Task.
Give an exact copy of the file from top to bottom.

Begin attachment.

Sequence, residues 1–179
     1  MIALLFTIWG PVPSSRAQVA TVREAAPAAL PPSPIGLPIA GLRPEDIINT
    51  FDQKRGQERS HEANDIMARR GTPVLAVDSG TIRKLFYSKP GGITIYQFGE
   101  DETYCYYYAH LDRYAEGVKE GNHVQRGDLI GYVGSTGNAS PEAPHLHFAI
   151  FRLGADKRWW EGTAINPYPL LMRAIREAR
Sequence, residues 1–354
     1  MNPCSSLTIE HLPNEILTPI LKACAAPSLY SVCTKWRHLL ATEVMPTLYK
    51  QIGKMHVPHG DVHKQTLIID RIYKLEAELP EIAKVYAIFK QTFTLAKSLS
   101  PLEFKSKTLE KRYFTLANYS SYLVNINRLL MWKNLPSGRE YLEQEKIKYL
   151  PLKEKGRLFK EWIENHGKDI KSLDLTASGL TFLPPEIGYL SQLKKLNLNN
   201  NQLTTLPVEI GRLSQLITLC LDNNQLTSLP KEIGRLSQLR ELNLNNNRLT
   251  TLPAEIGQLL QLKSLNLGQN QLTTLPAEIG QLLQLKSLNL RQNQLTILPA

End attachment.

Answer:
Sequence, residues 1–179
     1  MIALLFTIWG PVPSSRAQVA TVREAAPAAL PPSPIGLPIA GLRPEDIINT
    51  FDQKRGQERS HEANDIMARR GTPVLAVDSG TIRKLFYSKP GGITIYQFGE
   101  DETYCYYYAH LDRYAEGVKE GNHVQRGDLI GYVGSTGNAS PEAPHLHFAI
   151  FRLGADKRWW EGTAINPYPL LMRAIREAR
Sequence, residues 1–354
     1  MNPCSSLTIE HLPNEILTPI LKACAAPSLY SVCTKWRHLL ATEVMPTLYK
    51  QIGKMHVPHG DVHKQTLIID RIYKLEAELP EIAKVYAIFK QTFTLAKSLS
   101  PLEFKSKTLE KRYFTLANYS SYLVNINRLL MWKNLPSGRE YLEQEKIKYL
   151  PLKEKGRLFK EWIENHGKDI KSLDLTASGL TFLPPEIGYL SQLKKLNLNN
   201  NQLTTLPVEI GRLSQLITLC LDNNQLTSLP KEIGRLSQLR ELNLNNNRLT
   251  TLPAEIGQLL QLKSLNLGQN QLTTLPAEIG QLLQLKSLNL RQNQLTILPA